Hi! I’m Rachel, I’m a graduate of the University of Massachusetts Amherst English Department with specializations in Creative Writing and Technical Writing. I currently live with my Mom and little sister in Connecticut with our two dogs and two cats. (It’s a tight fit, but it’s so worth it!) My day job is as a supervisor in a coffee shop, I also freelance tutor English and do some freelance transcriptioning every now and then. I love reading, writing, coffee, crocheting, and making bad jokes on twitter.
What inspired you to write An Apology?
This poem was originally drafted for my creative writing thesis I wrote my senior year of college. My professor gave us an assignment he calls the “Myth Revision,” where we take a classic myth and rewrite it with our own spin. I decided to take a sort of personal, family “myth” of my sister being afraid of the monsters in our shower drain (it’s a true story!) and write about that.
What fuels your writing? Where do you typically find your ideas and inspiration?
For the past few years I’ve written predominantly non-fiction, so most of my writing inspiration comes from my family. I love writing about moments, about things that seem mundane but actually have a great impact on our lives. Non-fiction is a great place to do that.
What is your writing day like? Is there a particular environment that stimulates your creativity? Do you have any writing routines or rituals that you practice?
I don’t write as often as I should be, but when I do sit down and get a chance to write, it’s usually a few hours before bed (I’ve always been a night owl). Oddly enough, I think I get my best writing done on trains, cross-country buses, or even long car rides. Something about travelling, or being in the “in-between,” so to speak, is inspiring to me.
Write as much as you can. Everyone says this, but it’s worth repeating. Write until your eyes hurt, until the room is spinning, until your hand falls off. Just keep writing.
What is your writing kryptonite?
Ooh, my phone is a big one. I could be writing, stop my phone to check a text, and spend an hour scrolling through social media, reading news articles, or playing games. I have to put my phone on “Do Not Disturb” to get any real work done.
How long have you been writing? Was there a defining moment that led you down this path or a person who encouraged or helped shape you as a writer?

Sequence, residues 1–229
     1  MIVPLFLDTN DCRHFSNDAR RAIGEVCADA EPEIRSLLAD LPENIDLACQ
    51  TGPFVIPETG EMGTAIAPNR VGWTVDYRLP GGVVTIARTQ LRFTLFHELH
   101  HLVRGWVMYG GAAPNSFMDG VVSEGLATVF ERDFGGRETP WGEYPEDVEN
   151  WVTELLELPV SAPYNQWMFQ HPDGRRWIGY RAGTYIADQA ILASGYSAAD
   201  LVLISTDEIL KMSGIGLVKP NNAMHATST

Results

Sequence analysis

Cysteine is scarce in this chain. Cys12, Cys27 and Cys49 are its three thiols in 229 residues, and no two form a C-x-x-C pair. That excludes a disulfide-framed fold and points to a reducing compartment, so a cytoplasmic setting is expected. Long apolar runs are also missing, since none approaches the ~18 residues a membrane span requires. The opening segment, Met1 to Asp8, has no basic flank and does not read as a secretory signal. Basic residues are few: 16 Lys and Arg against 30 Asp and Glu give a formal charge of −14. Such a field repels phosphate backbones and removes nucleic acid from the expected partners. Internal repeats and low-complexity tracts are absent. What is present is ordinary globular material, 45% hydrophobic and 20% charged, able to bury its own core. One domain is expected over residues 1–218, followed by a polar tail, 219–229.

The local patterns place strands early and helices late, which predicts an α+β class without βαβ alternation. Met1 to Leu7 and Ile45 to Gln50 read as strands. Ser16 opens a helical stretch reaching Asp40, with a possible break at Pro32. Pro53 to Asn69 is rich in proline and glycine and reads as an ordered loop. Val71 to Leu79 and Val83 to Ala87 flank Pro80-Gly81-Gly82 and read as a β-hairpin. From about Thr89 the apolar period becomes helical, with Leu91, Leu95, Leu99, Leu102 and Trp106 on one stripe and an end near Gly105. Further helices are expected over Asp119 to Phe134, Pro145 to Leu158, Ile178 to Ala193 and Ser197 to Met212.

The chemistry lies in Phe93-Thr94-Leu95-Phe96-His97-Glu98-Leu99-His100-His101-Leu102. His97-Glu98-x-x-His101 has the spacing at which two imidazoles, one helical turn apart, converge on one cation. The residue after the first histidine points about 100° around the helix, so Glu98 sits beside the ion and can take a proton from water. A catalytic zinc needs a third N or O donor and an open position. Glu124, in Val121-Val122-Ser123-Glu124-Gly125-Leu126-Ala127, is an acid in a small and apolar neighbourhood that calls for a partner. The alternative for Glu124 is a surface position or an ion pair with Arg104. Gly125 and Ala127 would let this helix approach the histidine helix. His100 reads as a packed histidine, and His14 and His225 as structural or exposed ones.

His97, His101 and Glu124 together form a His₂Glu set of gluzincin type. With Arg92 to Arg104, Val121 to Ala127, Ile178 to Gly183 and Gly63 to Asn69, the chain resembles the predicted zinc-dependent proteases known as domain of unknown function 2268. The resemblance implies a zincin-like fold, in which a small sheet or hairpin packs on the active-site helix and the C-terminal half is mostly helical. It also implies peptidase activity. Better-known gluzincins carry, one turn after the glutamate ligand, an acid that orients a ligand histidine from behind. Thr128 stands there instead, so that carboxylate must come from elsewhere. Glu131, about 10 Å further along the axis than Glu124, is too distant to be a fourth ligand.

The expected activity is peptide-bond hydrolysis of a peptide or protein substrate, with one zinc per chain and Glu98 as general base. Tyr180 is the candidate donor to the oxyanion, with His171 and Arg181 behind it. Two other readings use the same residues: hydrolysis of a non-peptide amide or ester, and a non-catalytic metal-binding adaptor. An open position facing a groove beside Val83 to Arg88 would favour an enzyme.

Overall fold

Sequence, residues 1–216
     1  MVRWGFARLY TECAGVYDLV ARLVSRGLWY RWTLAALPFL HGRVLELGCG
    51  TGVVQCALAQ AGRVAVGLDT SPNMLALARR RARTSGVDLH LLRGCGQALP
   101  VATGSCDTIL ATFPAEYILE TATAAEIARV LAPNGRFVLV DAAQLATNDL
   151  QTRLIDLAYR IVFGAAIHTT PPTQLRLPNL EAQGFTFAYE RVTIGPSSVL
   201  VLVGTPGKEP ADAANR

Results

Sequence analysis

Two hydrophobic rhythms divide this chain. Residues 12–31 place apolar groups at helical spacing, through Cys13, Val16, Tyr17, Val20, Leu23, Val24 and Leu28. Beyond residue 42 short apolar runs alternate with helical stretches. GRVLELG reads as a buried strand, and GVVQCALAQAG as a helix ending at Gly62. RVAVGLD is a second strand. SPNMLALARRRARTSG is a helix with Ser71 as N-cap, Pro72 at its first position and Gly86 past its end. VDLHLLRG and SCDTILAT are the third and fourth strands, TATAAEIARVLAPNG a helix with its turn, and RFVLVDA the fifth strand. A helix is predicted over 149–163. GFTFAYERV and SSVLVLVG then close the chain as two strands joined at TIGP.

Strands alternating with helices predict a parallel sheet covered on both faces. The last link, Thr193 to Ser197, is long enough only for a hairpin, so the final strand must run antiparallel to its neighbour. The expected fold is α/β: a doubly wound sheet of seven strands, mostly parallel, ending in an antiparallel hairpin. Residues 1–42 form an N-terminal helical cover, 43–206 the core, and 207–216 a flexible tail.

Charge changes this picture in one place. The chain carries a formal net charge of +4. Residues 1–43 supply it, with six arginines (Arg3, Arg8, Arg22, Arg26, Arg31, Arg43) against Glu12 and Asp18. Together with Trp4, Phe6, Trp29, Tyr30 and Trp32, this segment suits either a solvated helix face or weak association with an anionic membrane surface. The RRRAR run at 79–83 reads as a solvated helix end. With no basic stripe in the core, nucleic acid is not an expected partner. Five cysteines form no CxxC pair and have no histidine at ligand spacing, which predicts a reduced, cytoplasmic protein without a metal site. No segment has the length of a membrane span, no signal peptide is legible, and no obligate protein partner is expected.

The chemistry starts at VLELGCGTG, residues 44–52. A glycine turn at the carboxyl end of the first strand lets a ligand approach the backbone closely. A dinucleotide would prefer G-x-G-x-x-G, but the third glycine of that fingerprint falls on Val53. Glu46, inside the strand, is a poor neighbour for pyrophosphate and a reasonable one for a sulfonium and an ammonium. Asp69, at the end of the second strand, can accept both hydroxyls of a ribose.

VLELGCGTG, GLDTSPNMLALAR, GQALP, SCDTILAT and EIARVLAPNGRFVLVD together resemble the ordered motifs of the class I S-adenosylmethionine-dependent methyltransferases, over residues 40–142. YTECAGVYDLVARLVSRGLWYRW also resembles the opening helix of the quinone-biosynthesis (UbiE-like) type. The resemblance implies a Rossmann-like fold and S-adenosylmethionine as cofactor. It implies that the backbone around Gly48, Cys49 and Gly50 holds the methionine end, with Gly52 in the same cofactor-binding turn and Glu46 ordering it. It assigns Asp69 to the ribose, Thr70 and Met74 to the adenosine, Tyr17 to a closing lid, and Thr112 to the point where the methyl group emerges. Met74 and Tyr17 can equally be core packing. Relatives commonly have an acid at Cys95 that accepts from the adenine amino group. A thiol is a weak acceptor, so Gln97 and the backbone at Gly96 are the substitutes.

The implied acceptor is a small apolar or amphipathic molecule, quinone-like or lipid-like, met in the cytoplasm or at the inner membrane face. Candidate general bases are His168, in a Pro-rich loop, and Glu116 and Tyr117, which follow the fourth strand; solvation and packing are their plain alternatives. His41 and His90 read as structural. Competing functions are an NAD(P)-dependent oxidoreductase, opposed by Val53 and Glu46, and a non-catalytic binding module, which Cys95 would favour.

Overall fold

Honestly, I’ve been writing for as long as I can remember. I think my dream job has always been to be an author, ever since I understood what an author was.
I couldn’t talk about my passion for writing without mentioning my teachers growing up, from first grade through my senior year of college. I was lucky to have teachers who understood how important writing was, and who recognized my passion and budding skills and encouraged me to work on them. And of course, I owe a lot to my parents, who were as enthusiast and passionate about my writing as I was, and always encouraged the hobby.
Are there any authors who have influenced your writing?
The past few years, I’ve looked for a lot of inspiration from my favorite contemporary, female, short-fiction writers: Roxane Gay, Amy Hempel, Maggie Nielsen, and Miranda July for example. I admire the ability these women have to make such intricate, vulnerable stories that leave a lasting effect on readers in such few words.
What are you reading right now?
I’m currently alternating between The Underground Railroad by Colson Whitehead and Welcome to Night Vale by Jeffrey Cranor and Joseph Fink, both of which I really like so far.
What other forms and genres do you enjoy writing?
I write primarily prose, usually non-fiction. Writing poetry is still relatively new to me. I think creative non-fiction will always be my go-to genre, but right now I’m really having fun exploring other genres and writing styles, and I also think it’s making me a better writer.
Of your other published works, do you have a personal favorite you would like to share with our readers? Where can we find it?
Last year The Forge published my non-fiction piece “Chemo-Brain.” It was my first publication and one of the best pieces I think I’ve ever written. You can find it at forgelitmag.com
What’s next? Do you have any writing projects on the horizon?
Unfortunately, nothing concrete on the horizon. I just finished a move and a job change, so hopefully now that I’m a little more settled I can focus more of my free-time back on writing!
What words do you live by? Do you have a personal motto?
Honestly, as simple as it sounds, whenever I am in a particular stressful moment or point in my life, I just repeat in my head what my mom used to say to me often when I was a stressed, anxiety-ridden teenager: take it one day at a time.
If you could share any advice for aspiring writers, what would it be?
Write as much as you can. Everyone says this, but it’s worth repeating. Write until your eyes hurt, until the room is spinning, until your hand falls off. Just keep writing. Also, save as much of your writing as you can. Even the stuff you think is a steaming pile of garbage. Whether it’s to look back on to see how far you’ve come or to create something new out of an old idea, it’ll come in handy someday, I promise.
About the Author
Rachel Lauth is a graduate of the University of Massachusetts Amherst English program with specializations in creative writing and technical writing. She has a non-fiction essay published in The Forge literary magazine. She currently lives with family in Connecticut, where she writes and drinks far too much coffee.
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